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Employers have heard all the excuses. My alarm didn’t go off. My car broke down. My babysitter didn’t show up. I have a terrible cold. Though sometimes those excuses for being absent or late ring true, chronic absenteeism and tardiness can become a major problem in the workplace, wreaking havoc on productivity as well as morale.
You would think that getting an employee to show up on time, every day, would be a simple matter. But these days, you really can’t simply say, “Be here or be fired” when an employee walks through the door late or not at all. Especially when you throw in legal factors such as the Americans with Disabilities Act (ADA) and the Family and Medical Leave Act (FMLA).
For this reason, employers must employ strategies that not only combat absenteeism, but also keep on the right side of the legal line.
Disciplining employees requires a delicate balancing act. Push too hard and you alienate people. Tiptoe around the core issue and you confuse people. It’s never easy, and most managers never learned how.
When it comes to disciplining an employee for absenteeism, there are several different strategies at your disposal. And deciding which one to take isn’t always cut and dried. You can avoid making disciplinary mistakes that could lead your company to court by following these do’s and don’ts:
√ DO figure out what is an acceptable level of absences, if your organization does not specify a maximum number. Think about how many days an employee could miss without significantly sacrificing work quality.
× DON’T penalize employees who have a legal reason to be late or absent, e.g., they’re going to physical therapy or alcohol treatment, or have permission to leave early for a doctor’s appointment. The same goes for employees who have a legitimate reason to be late or absent, e.g., using company benefits they have earned, like personal days.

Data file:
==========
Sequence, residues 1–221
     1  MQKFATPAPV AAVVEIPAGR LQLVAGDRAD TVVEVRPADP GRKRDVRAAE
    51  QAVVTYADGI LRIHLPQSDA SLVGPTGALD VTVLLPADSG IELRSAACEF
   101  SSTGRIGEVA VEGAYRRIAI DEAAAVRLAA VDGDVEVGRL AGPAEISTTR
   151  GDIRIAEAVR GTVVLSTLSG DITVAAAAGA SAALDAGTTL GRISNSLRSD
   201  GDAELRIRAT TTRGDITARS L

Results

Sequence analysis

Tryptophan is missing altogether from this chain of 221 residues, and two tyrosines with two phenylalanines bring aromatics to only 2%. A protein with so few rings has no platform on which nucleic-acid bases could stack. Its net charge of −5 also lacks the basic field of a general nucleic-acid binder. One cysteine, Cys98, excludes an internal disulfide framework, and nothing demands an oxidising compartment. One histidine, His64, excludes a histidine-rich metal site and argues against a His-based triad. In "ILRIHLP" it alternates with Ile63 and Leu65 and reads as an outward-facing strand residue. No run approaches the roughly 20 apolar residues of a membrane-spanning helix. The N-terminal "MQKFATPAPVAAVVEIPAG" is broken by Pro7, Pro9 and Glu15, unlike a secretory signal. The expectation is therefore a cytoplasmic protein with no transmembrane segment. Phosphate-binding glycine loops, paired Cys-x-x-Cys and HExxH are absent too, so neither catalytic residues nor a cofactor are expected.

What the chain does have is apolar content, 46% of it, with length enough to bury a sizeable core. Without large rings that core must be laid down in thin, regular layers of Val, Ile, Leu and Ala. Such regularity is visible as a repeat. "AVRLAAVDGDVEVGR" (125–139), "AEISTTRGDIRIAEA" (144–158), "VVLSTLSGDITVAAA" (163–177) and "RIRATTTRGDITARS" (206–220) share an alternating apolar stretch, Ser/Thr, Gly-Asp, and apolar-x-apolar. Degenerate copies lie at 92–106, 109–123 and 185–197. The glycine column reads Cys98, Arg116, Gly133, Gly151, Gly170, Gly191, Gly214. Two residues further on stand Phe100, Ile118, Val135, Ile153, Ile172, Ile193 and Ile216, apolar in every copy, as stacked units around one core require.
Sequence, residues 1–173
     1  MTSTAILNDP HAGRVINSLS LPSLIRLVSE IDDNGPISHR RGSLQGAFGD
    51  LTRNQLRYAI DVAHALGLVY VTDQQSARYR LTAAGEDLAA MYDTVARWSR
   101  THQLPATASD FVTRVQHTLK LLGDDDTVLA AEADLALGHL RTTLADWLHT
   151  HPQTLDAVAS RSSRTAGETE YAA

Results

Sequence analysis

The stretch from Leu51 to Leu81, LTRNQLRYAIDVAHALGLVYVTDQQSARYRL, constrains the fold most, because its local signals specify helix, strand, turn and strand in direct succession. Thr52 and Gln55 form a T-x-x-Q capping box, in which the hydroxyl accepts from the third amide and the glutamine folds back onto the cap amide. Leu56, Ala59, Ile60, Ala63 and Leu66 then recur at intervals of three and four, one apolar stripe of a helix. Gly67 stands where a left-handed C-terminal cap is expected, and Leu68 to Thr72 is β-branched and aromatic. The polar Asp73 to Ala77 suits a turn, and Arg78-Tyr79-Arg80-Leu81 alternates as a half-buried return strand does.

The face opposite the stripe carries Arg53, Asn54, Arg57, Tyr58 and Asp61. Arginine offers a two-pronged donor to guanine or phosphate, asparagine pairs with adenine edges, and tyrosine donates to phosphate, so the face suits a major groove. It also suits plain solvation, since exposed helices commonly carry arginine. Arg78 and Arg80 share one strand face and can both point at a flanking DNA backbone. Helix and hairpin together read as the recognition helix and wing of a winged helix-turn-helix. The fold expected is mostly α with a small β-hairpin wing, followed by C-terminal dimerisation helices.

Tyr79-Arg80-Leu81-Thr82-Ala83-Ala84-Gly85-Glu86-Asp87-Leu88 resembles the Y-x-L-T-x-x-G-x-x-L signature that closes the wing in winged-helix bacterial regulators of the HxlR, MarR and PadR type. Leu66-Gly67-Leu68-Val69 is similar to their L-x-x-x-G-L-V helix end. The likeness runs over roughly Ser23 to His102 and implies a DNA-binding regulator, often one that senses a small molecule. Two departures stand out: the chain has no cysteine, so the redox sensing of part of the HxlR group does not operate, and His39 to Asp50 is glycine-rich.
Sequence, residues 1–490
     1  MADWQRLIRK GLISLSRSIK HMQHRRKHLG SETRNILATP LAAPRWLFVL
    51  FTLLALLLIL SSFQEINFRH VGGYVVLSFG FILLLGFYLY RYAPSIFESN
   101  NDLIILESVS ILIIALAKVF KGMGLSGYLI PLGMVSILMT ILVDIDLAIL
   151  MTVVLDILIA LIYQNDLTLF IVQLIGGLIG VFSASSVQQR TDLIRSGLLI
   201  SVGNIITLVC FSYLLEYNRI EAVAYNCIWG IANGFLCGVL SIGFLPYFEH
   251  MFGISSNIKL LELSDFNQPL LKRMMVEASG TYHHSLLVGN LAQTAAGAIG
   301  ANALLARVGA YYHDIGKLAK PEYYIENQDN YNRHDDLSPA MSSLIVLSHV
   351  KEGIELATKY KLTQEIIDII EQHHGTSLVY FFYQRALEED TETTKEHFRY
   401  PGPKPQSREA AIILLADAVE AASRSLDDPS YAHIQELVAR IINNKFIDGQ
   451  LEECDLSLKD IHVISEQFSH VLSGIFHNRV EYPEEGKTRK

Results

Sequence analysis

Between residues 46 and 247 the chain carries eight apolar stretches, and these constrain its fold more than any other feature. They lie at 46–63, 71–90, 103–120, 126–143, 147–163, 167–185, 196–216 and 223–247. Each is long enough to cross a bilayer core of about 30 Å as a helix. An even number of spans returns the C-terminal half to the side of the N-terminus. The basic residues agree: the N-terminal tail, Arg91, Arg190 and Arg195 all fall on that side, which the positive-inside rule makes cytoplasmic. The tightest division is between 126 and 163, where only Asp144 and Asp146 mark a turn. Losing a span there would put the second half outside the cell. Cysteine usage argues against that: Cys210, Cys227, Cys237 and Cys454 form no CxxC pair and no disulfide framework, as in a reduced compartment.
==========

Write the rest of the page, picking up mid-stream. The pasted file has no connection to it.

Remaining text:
√ DO make sure you understand what’s off-limits and who gets the last word on any gray areas that may be in dispute in any policy that affects attendance.
× DON’T undermine your company’s absenteeism policy by ignoring any step that isn’t convenient. It can lead to charges that you applied the rules in an arbitrary or discriminatory manner.
√ DO recognize the difference between the employee who was out one day all year—even if you suspect it wasn’t for a good reason—and the employee who has a chronic problem. Adjust your discipline accordingly.
× DON’T get bent out of shape if an employee challenges your interpretation of any policy that deals with attendance. Work it out.
√ DO begin documenting absences as soon as you notice a trend. Record dates, hours absent, and the reason the employee gives for them.
× DON’T put employees in the impossible situation of choosing their jobs over their health or family responsibilities. That could be a violation of the FMLA.
No manager enjoys handing out discipline. But it’s an important part of the job, and if you do it the right way, you can help a misbehaving employee solve a problem — or get rid of an employee who is a problem.
Effective managers communicate concern, redirect unruly behavior and confront wrongdoing while maintaining a respectful tone. They leave no room for misunderstanding or misinterpretation.
P.S. If you find this newsletter helpful, please consider sharing it with your friends, family, and colleagues. If you need assistance, call 940-228-0550. You can visit my website for more information at www.donswiftandassociates.com.